Tag Archives: Security

YouTuber builds glitter bomb that farts on unsuspecting package thieves

Rober wanted to be able to film the entire incident as it unfolded. The result is an over-engineered bait package that took six months to develop, and used motion sensors, a GPS tracker, and the combined wide-angle cameras of four mobile phones. It even used fart spray to ensure the thief would throw it away, so that Rober could recover and reuse it. – Jon Porter, The Verge https://ift.tt/2rR54eF

YouTube tells impersonation victim: No, you’re not being impersonated

“I’m fortunate: I have a big megaphone to speak about this and am sure I can get this fraudulent account taken down,” Celeste Ng wrote. “But for someone with a smaller platform? They’re probably SOL. That’s wrong. YouTube should apply its terms of service, whether you have 90,000 followers or two.” – Sam Machkovech, Ars Technica https://ift.tt/2EglHbL

Permanent LTE exploits steer users to rogue websites

These attacks aren’t exactly trivial. You need to be physically close to your target, and sniffing hardware isn’t cheap (Ars Technica places the cost at roughly $4,000). Whoever uses the attacks will likely be either a committed thief or a surveillance agency. The problem, as you might have gathered, is that you can’t patch against this. Your best bet is to only visit sites using HTTP Strict Transport Security or DNS Security extensions, and that isn’t always easy. Although the like of facing an attack isn’t that high, there might not be a permanent solution until you’re using 5G. – Jon Fingas, Engadget https://engt.co/2yYxQ3a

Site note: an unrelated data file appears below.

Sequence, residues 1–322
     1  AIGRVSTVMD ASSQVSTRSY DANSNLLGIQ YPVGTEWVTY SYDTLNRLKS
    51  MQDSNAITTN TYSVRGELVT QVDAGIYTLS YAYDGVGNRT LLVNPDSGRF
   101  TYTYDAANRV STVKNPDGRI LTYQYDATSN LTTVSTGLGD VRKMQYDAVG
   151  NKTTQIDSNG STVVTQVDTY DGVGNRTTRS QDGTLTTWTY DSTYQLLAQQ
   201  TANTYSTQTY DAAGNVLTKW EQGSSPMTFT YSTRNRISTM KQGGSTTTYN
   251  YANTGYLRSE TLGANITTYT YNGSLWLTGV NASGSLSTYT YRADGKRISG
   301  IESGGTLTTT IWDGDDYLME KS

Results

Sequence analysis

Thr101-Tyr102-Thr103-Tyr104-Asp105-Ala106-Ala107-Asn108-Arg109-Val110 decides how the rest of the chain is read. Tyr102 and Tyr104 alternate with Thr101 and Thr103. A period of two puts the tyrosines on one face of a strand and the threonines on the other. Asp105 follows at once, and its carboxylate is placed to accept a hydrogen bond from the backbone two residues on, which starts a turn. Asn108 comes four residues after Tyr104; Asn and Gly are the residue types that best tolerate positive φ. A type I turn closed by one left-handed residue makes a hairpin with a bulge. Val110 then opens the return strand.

What is WPA3, why does it matter, and when can you expect it?

WPA, an acronym for Wi-Fi Protected Access, authenticates devices with a pre-shared cryptographic cipher using the Advanced Encryption Standard (AES) protocol. Specifically, it employs a four-way handshake to prevent eavesdroppers from snooping on traffic passing between a Wi-Fi access point (like a router) and a Wi-Fi client (like a smartphone or laptop). Encryption prevents man-in-the-middle attacks that attempt to intercept data in transfer. – Kyle Wiggers, VentureBeat https://ift.tt/2Ivz32e

12,000 Social Media Influencers, Mostly Women, Exposed by Marketing Firm Data Breach

UpGuard’s researchers discovered the database in early January and were able to quickly linked it to the Octoly, a French company which maintains a virtual office based in Manhattan. Octoly’s Amazon server was publicly accessible, meaning virtually anyone could view its contents without a password. Securing the data proved challenging. Compared to most companies whose sensitive data has been unearthed in this way, Octoly was strikingly slow to respond. – Dell Cameron, Gizmodo http://gizmo.do/RofBd82
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